AUDIO: Is There a Cure-all for the Lazy Employee?
“I thought you said she wasn’t going to make it”, I questioned. I was surprised to see a low performing employee staring at her cell phone when I entered the store. “I didn’t think she would”, came the reply. I assumed that meant her performance had improved and I was glad to hear it. But that wasn’t to be the case. “She just keeps showing up.” As if somehow that really were a shocking skill.
I used to say, just hire them if they seem capable. We won’t really know for 90 days anyway. Although I didn’t realize it at the time, it was a costly excuse for failing to engage in the most powerful time saving, energy sapping process in the entire organization: training and re-training our people.
The fact often is that a lazy employee is the result of a lazy hiring process.
Retention is a double-edged sword and here’s why: we struggle to retain the people we really want because we’ve retained the people who aren’t in our tribe.
They don’t care about our mission or apply themselves to a shared purpose.
And why is that? Because they haven’t done anything BAD enough to terminate them. They keep showing up, even if showing up just means their body made the trip.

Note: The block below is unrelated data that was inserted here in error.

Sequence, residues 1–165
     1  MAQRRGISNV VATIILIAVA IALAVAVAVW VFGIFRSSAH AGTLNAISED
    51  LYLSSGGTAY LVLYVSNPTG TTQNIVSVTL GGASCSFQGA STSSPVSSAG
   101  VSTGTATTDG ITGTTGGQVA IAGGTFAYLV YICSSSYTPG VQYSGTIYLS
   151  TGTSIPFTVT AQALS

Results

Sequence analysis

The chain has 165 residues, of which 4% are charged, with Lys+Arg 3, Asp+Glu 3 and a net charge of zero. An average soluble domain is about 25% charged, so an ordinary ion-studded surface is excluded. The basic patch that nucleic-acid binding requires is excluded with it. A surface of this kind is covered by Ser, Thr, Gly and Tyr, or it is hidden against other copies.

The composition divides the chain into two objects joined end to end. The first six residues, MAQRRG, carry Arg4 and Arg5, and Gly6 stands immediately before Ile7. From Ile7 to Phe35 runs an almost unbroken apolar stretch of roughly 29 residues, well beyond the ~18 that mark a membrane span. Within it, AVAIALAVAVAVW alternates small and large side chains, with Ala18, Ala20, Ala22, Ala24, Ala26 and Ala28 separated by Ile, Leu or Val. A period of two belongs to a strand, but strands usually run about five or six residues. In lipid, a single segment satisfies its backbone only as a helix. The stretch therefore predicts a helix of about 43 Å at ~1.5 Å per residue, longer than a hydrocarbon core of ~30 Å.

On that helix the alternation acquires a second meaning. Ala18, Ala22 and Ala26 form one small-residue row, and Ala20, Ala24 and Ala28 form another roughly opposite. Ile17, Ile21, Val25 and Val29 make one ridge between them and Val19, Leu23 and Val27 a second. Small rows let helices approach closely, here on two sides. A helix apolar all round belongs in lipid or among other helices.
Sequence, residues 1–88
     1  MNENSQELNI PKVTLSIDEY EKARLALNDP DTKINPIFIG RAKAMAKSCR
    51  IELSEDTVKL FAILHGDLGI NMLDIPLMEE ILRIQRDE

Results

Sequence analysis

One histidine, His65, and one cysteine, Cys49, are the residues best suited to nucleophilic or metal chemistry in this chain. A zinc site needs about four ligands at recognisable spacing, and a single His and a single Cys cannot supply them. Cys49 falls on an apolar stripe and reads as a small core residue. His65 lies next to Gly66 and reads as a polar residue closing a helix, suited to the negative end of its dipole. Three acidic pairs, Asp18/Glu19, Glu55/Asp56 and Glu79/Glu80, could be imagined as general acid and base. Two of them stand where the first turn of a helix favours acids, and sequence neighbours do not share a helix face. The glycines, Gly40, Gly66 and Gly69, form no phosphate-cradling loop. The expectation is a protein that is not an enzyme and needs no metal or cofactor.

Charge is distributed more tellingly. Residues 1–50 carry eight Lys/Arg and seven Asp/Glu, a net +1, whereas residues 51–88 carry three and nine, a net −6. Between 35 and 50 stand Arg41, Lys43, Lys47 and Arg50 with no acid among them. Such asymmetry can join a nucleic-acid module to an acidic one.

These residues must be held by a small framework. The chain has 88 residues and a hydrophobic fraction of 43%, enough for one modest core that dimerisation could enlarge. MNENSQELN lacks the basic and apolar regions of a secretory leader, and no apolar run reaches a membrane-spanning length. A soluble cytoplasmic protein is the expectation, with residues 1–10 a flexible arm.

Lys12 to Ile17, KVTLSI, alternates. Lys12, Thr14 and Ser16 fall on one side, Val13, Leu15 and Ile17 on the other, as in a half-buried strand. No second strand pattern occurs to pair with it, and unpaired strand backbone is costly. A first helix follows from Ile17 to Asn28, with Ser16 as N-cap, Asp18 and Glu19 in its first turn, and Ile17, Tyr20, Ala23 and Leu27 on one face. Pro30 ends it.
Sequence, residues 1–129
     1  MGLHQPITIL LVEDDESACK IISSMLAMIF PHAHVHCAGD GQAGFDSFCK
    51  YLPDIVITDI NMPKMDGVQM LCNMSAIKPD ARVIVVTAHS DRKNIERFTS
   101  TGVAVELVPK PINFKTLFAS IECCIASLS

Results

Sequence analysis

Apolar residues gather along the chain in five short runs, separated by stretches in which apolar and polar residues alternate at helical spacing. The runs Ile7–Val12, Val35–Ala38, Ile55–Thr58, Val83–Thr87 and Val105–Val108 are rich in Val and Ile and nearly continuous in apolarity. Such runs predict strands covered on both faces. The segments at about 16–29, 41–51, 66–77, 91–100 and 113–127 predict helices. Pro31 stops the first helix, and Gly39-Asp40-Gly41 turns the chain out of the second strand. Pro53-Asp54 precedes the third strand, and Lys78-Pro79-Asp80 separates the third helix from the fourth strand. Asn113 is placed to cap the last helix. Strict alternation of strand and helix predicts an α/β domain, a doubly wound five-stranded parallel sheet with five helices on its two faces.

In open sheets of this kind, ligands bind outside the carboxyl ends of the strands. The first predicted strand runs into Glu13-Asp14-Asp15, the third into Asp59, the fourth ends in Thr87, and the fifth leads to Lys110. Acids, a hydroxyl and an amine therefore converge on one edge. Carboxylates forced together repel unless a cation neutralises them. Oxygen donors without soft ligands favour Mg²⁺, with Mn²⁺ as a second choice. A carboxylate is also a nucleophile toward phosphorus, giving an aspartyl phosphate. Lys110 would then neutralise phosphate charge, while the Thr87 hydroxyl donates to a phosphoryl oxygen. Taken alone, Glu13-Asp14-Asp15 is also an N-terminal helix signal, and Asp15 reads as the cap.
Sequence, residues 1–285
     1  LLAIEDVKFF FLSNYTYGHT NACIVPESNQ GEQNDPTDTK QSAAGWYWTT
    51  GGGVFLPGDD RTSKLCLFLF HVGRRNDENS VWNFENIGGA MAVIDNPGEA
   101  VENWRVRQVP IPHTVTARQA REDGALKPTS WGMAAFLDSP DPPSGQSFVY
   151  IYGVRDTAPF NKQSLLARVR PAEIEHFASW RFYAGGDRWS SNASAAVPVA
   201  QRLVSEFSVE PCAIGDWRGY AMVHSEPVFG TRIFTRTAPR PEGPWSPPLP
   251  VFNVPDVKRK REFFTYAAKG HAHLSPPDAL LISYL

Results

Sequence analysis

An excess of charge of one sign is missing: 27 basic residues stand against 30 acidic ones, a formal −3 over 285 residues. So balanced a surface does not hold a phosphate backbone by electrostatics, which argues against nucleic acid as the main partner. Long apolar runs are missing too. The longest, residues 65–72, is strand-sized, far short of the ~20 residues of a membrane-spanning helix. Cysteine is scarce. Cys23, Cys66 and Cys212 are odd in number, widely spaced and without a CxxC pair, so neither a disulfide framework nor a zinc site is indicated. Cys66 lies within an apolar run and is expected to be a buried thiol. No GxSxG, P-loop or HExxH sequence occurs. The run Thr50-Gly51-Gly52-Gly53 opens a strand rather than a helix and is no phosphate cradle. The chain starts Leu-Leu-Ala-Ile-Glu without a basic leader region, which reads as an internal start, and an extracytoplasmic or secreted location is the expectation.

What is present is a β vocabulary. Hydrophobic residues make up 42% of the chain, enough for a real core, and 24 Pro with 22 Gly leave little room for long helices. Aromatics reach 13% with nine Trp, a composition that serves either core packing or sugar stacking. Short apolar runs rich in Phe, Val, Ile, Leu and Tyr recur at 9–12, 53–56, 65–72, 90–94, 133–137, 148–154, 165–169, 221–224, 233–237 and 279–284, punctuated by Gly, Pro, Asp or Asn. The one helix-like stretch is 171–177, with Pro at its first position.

This triggers one of the greatest barriers to team development there is. The average leadership level is averaging DOWN, instead of up. It’s a vicious cycle. If you want the respect of your best employees, they have to know you’re defending the team from imposters.
THERE IS A CURE-ALL, and here it is:
1. Start with a Clear Definition of Success for the Team and the Individual
Put it in writing but don’t leave it there.
Ask them to echo back what you have said.
This is the first place to listen for their core beliefs which will manifest very soon after they’re hired. This begins in the interview process. Far too often employees don’t see themselves as lazy because they don’t have a clear and persistently reinforced vision of what success looks like.
2. No Moving Targets
There’s a difference between intentional laziness and someone who is unclear on a ‘situational’ Definition of Success. Lazy isn’t about just being busy, it’s about getting traction toward a specific purpose. I’ve seen a lot of lazy employees who figured out how to LOOK busy.
3. Regular feedback
You can’t make assumptions as a leader.
Quality, honest and regular feedback is key to weeding out the lazy team member. Simply being irritated at them doesn’t help.
Structured feedback begins in the interview process.
Here’s what will be expected and here’s how we’re going to measure it and give feedback: knowing clearly what will be acceptable will help your people to know where they stand and often they will take care of the problem themselves one way or the other.
You Don’t Have to Settle
Learning how to begin with the end in mind is a powerful skill in the Breakthrough Leadership Movement. Upgrading your interviewing skills is a powerful step toward turning your team into a functional tribe.
Don’t settle for less.
Add your comments to the conversation:
Think back on the lazy employees you’ve encountered over the years.
Was there a lack of leadership? Or a failure in the hiring process?
Post your reply below.